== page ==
Holding a diverted train for a few minutes would help displaced passengers avoid a long delay, by reducing gaps caused by cancelled or delayed services, but operationally the rail system can’t seem to handle it — even where hundreds of passengers would benefit and it would cause no problems delaying other trains.

Remember, by 6:12, when the bypassed train was leaving Caulfield leaving displaced passengers behind, the following stopping train was already at least 8 minutes late at Parliament — but it seems nobody is watching out for the impacts on passengers; they’re just focussing on getting individual trains through on time.

The operator contracts also don’t deal with this sort of thing well. The operator would be penalised for delaying the train.

Likewise the contracts don’t encourage the operator to alter express trains to help fill a long gap, because that train would then arrive late at its destination.

Regular loop diversions due to short delays (there might have been other reasons this time; it’s unknown), in time, lead to more passengers jumping on the first train out of the city. In the case of the Caulfield Loop, this adds pressure on the Dandenong line, already one of the busiest on the network.

Finally, connecting bus services are generally not co-ordinated, and are often infrequent, causing a cascading delay for people caught up in problems. Smartbus services in particular should be up to a reasonable standard, such that people can rely on them to get home from the station, even when there are train delays. Where installed, the signage helping bus drivers know about approaching trains should also work.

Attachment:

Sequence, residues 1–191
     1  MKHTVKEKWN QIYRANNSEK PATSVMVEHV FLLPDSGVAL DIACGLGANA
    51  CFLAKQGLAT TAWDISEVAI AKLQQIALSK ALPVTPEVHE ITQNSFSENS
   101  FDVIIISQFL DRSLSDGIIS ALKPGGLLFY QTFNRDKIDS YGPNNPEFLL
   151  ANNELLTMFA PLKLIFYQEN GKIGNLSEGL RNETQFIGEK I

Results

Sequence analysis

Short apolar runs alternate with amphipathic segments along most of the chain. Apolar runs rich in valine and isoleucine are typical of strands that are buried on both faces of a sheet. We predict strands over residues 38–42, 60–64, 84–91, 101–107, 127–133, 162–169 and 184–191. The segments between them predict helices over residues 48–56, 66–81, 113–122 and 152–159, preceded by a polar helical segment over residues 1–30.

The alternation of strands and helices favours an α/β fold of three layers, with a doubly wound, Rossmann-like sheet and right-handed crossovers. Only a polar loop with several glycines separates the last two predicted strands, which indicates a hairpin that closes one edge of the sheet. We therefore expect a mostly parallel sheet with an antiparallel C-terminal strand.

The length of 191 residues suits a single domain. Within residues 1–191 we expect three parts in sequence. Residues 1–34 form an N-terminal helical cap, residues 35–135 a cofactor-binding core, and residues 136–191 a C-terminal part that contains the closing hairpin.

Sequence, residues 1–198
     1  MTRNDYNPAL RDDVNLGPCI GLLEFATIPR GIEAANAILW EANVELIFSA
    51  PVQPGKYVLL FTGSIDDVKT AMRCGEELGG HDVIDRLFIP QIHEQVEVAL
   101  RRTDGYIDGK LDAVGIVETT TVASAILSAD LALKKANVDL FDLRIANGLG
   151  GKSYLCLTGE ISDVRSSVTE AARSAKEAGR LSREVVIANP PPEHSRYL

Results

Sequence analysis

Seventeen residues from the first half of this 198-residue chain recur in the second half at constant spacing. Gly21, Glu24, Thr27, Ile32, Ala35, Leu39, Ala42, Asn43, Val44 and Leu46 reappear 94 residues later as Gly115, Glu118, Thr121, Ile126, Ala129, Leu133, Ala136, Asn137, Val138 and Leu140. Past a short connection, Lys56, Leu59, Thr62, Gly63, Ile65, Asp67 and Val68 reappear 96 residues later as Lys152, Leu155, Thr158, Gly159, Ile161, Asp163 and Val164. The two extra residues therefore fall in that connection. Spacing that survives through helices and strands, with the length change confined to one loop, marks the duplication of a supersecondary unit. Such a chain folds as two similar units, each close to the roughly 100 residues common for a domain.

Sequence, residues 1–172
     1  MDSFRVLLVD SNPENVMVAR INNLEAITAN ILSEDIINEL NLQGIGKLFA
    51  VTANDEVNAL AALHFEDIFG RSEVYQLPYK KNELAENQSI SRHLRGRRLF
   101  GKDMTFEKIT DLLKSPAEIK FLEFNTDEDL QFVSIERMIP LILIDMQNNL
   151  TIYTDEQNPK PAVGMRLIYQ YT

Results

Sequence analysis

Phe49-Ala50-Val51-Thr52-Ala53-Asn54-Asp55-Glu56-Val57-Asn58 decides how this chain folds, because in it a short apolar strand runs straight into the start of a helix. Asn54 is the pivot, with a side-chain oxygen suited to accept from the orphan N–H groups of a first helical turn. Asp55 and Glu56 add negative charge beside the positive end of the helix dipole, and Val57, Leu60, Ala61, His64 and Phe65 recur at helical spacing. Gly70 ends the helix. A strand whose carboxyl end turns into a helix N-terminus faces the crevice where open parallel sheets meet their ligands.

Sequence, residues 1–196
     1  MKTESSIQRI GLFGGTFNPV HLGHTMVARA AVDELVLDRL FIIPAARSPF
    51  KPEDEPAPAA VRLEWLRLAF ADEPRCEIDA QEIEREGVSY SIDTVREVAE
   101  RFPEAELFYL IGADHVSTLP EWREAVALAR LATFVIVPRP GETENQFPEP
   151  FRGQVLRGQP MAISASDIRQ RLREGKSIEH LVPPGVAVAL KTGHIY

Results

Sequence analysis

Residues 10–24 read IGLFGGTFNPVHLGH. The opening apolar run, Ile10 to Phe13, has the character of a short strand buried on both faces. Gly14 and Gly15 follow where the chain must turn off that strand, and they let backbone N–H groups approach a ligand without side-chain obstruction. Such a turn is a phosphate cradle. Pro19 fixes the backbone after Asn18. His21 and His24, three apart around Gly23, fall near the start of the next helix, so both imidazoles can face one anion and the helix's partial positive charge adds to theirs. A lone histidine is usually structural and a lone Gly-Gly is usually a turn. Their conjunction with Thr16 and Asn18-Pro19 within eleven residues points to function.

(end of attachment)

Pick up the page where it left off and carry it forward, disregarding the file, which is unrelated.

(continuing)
Not Trainageddon, but still affected hundreds

Last night wasn’t Trainageddon. It wasn’t hours of delays, or a large number of lines.

But it was a combination of disruptions and poor customer service that is incredibly frustrating to passengers caught up in it, and it came on the same day as morning peak delays on the Craigieburn, Williamstown and Werribee lines.

The impacts are felt far wider than just the individuals caught up in it. For a knowledge economy like Melbourne’s, it has greater consequences. Let me dig out that Boris Johnson quote again:

Every time your train is stuck inexplicably in a tunnel, every time a service is cancelled, the experience is not just eroding your quality of life. It is eating away at our city’s global competitiveness.

– Boris Johnson, Mayor of London
in the London Evening Standard, 15/10/2009

Can you spot the problem here?

Back in the day, the PTUA ran a campaign called “Problem Of The Day“. It highlighted a basic problem on the public transport network each week, by a way of a photo or a video. It was a good way of highlighting that many of the issues are not those that require billions of dollars to fix, but could be resolved with relatively little money and more thought from authorities as to how the system works for passengers.

Eventually it ran out of steam because the supply of good photos dried up — though perhaps the idea should be re-visited.

Anyway, in that vein, the two photos below are from a recent trip to Shepparton. Can you spot the problem here?

Shepparton bus stop

Shepparton local bus

Hint: it was not a once-off problem.

Update: Marcus got it. The bus network maps, web site and bus stops, all show route numbers. It appears none of the buses do.

Why is this important? Well if the buses aren’t showing the route numbers, why bother even having them?